What does it mean that God is ‘Father’ and ‘Lord’? A textual analysis of liturgical elements in the Scottish Liturgy 1982 and a feminist response

Browell, Naomi R. (2021) What does it mean that God is ‘Father’ and ‘Lord’? A textual analysis of liturgical elements in the Scottish Liturgy 1982 and a feminist response. MTh(R) thesis, University of Glasgow.

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The words ‘Lord’ and ‘Father’ punctuate most elements of the Scottish Liturgy 1982, the most recent eucharistic liturgy authorised by the Scottish Episcopal Church (SEC). By undertaking a textual analysis of two aspects of the liturgy, the Confession & Absolution (C&A) and the Sanctus & Benedictus (S&B), this study explores the question: should the Scottish Episcopal Church consider abandoning these particular metaphors in their new eucharistic liturgy, or supplementing them with others (either neutral or female), or should the SEC remain steadfast in its use of the ancient metaphors which have for so long shaped the church’s language and theology?

In seeking an answer to this question, research was conducted into the history of the use of the terms ‘Lord’ and ‘Father’ in the liturgy, with particular attention to their biblical roots. Following a grounding in the history of the terms, the work of feminist theology is reviewed with particular attention to the language used for God. Understandings of ‘liturgy’ and its purpose, as presented by liturgical theologians in the twenty-first century are then explored.

Part II of the study turns to textual analysis of the SEC 1982 liturgy more generally, and of these two liturgical elements more specifically. This is complemented by a feminist critical response to the findings of the textual analyses, which gives rise to four categories to assist in developing missional liturgy, liturgy which is attentive to the needs of the contemporary Scottish context and also coherent with the principles of feminist theology. The liturgical revisions of other English-speaking Anglican provinces is then considered, with particular attention to how they have altered the use of the words ‘Lord’ and ‘Father’ in their more recent liturgies. Finally, the four categories of feminist approach to the liturgy are used to propose potential new liturgical prayers which might replace the SEC’s C&A and the S&B.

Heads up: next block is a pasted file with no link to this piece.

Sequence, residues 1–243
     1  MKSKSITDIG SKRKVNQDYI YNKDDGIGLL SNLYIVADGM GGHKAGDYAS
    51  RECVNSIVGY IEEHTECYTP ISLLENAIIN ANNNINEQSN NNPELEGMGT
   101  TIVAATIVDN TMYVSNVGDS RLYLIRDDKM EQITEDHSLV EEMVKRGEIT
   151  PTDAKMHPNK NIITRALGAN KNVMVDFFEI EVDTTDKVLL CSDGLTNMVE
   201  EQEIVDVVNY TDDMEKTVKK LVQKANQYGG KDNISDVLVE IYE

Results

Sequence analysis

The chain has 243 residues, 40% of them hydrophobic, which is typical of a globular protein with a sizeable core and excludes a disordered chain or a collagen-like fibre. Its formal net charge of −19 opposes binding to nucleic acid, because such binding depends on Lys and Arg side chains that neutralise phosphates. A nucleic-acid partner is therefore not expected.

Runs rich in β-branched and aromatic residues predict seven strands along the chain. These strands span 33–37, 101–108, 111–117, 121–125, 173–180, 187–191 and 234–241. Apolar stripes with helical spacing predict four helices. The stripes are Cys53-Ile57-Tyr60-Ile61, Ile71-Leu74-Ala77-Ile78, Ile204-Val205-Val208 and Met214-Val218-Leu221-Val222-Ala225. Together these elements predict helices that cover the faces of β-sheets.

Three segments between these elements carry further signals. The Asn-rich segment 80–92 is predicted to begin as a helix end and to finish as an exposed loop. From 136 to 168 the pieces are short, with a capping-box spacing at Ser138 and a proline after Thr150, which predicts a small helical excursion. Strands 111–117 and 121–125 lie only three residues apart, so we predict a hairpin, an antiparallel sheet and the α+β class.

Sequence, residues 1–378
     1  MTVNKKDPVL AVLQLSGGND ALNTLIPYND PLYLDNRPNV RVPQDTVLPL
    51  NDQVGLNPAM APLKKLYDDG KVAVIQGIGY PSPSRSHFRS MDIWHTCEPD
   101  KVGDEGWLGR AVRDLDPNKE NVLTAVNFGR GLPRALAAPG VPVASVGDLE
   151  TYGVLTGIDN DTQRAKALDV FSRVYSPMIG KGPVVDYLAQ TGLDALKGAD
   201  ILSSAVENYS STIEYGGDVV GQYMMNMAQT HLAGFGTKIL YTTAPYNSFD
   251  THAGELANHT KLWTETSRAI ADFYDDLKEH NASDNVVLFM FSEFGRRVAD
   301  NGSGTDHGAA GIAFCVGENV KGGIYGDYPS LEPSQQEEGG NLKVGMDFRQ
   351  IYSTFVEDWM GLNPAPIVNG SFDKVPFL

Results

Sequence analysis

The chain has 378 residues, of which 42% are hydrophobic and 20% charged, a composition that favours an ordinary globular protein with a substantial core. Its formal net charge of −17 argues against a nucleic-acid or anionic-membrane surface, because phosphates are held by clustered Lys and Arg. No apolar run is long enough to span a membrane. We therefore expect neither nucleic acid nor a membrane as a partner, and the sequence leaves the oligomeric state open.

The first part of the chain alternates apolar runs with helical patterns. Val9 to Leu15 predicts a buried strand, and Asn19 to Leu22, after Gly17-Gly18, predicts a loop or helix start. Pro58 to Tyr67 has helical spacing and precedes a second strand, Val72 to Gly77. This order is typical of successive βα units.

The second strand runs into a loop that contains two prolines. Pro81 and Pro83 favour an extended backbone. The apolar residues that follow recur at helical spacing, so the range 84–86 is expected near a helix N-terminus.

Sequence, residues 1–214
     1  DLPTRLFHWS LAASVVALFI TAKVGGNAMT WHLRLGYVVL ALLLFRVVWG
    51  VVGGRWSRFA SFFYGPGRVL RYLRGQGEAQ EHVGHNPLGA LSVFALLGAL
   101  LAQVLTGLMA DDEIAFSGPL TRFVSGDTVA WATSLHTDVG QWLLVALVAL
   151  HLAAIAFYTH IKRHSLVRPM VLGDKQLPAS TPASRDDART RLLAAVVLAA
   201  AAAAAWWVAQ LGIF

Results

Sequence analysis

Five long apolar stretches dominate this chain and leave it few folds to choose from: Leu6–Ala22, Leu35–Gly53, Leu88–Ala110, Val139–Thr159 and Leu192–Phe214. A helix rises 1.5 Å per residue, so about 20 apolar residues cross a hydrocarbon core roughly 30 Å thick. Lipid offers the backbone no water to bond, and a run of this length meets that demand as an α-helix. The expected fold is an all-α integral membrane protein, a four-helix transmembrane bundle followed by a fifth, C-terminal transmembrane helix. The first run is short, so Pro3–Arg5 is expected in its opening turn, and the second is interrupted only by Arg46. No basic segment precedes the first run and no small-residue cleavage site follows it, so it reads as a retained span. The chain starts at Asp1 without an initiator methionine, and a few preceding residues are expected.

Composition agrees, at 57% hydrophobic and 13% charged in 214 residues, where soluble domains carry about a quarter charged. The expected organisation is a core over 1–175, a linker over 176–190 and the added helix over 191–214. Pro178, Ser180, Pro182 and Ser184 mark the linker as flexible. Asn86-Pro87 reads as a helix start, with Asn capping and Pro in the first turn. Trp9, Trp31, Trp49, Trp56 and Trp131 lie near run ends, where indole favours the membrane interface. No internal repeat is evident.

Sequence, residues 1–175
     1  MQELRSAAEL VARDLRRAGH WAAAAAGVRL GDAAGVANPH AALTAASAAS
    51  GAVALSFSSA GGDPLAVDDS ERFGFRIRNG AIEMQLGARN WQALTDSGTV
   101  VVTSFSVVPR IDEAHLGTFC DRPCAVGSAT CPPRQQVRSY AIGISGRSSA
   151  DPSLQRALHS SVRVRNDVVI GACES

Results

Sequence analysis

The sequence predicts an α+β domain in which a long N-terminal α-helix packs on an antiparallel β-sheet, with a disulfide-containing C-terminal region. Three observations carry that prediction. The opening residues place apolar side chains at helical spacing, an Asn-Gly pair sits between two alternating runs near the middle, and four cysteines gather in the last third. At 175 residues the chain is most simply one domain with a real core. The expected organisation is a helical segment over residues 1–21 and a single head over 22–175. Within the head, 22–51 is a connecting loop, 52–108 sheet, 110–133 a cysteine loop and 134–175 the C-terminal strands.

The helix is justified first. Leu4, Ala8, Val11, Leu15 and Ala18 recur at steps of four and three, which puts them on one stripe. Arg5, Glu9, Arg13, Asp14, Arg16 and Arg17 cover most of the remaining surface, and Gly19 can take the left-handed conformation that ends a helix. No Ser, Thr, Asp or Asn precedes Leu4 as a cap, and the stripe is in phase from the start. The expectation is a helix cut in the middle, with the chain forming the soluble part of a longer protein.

Item Type: Thesis (MTh(R))
Qualification Level: Masters
Colleges/Schools: College of Arts & Humanities > School of Critical Studies > Theology and Religious Studies
Supervisor's Name: Methuen, Professor Charlotte and Davies, Dr. John R.
Date of Award: 2021
Depositing User: Theses Team
Unique ID: glathesis:2021-82725
Copyright: Copyright of this thesis is held by the author.
Date Deposited: 03 Mar 2022 12:10
Last Modified: 08 Apr 2022 16:47
Thesis DOI: 10.5525/gla.thesis.82725
URI: https://theses.gla.ac.uk/id/eprint/82725

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